This paper also provides the first report of the therapeutic efficacy of oblimersen in various histologies of B-cell NHL. Although recent reports suggest that oblimersen may add to the activity of R-CHOP (rituximab, cyclophosphamide, doxorubicin, vincristine, prednisone) in previously untreated mantle cell lymphoma (MCL) (Leonard et al, 2003a,b), our study demonstrated a modest activity in patients with recurrent disease.

Similarly, limited efficacy was observed in patients with recurrent diffuse large B-cell lymphoma (DLBCL). The lack of efficacy demonstrated by this study in patients with aggressive histologies is probably multifactorial. The clinical course and prognosis of patients with diffuse large cell lymphoma (DLCL) and MCL who have failed a median of two prior treatments is significantly worse than patients with low-grade histologies. Also, multiagent chemotherapy regimens with or without monoclonal antibodies are in general more effective treatments in aggressive histologies when compared with single chemotherapy agents or immunotherapy alone.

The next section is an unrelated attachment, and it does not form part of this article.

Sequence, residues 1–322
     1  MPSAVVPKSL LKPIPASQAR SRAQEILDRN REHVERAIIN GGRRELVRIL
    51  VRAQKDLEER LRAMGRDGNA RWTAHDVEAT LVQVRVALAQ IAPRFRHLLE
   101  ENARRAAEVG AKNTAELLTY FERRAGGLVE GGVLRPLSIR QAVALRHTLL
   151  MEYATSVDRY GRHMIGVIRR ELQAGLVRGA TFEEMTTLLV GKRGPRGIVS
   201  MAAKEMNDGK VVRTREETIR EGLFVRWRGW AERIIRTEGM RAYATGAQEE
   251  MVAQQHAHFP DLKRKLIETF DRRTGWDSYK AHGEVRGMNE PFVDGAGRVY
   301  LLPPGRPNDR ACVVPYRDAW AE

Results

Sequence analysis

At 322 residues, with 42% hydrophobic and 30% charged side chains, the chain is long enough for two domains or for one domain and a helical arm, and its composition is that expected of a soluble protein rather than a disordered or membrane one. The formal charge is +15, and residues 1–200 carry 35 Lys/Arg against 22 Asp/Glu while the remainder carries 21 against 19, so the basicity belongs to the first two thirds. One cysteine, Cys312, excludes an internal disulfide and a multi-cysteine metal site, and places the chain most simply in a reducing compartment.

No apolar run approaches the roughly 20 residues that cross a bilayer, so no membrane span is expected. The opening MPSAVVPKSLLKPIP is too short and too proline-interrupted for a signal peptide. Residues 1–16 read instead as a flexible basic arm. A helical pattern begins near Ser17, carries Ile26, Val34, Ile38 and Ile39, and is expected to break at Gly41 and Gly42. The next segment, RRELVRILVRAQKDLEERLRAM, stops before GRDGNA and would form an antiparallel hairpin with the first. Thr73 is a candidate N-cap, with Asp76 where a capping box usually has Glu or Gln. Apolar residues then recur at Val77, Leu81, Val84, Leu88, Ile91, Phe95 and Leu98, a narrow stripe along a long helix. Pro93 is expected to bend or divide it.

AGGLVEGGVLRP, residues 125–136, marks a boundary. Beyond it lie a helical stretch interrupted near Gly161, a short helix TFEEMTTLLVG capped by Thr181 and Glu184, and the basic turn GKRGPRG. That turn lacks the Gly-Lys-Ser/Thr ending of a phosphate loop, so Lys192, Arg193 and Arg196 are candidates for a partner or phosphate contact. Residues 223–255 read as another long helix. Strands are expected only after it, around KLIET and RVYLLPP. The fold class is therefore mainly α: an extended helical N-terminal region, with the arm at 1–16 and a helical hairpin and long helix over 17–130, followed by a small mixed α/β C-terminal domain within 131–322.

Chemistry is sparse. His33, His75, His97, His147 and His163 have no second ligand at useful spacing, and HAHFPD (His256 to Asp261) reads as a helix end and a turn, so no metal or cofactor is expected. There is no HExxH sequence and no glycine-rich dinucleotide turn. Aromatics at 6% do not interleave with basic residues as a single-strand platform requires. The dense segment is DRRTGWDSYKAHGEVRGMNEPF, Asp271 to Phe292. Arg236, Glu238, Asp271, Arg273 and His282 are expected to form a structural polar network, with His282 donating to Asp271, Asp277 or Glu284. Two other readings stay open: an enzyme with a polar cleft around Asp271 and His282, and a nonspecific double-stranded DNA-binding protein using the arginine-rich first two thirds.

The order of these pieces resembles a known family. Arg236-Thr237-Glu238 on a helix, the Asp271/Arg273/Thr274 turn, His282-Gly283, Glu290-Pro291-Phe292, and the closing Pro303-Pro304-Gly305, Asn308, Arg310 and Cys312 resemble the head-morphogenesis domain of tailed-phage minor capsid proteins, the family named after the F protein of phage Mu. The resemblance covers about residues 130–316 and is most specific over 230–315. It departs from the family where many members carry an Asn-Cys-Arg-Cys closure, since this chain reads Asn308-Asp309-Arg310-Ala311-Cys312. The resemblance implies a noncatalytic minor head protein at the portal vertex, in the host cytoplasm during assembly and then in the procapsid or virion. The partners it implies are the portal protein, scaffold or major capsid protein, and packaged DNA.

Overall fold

In this study, the highest response rate was observed in patients with follicular lymphoma. In an earlier study (Davis et al, 2000), re-treatment with rituximab produced responses in approximately 40% of patients with low-grade NHL who previously responded to it. In the current study, 70% of patients with follicular lymphoma had received prior treatment with rituximab. An encouraging objective rate of 60% was observed, confirming a suggestion from earlier preclinical data of a synergy between oblimersen and rituximab.

Notably, the combination of rituximab and oblimersen sodium was effective in patients with rituximab-refractory disease, suggesting that oblimersen could overcome mechanisms of rituximab-resistance.

In conclusion, the combination of oblimersen and rituximab, appears to be promising in the subgroup of patients with indolent NHL and warrants further investigation in a large randomized trial. Additionally, given the good safety profile, further evaluation of its activity in combination with cytotoxic agents is warranted.


  1. Top of page
  2. Summary
  3. Patients and methods
  4. Results
  5. Discussion
  6. Acknowledgement
  7. References

This study was supported by the National Cancer Institute Grant No 01/CM17003.


  1. Top of page
  2. Summary
  3. Patients and methods
  4. Results
  5. Discussion
  6. Acknowledgement
  7. References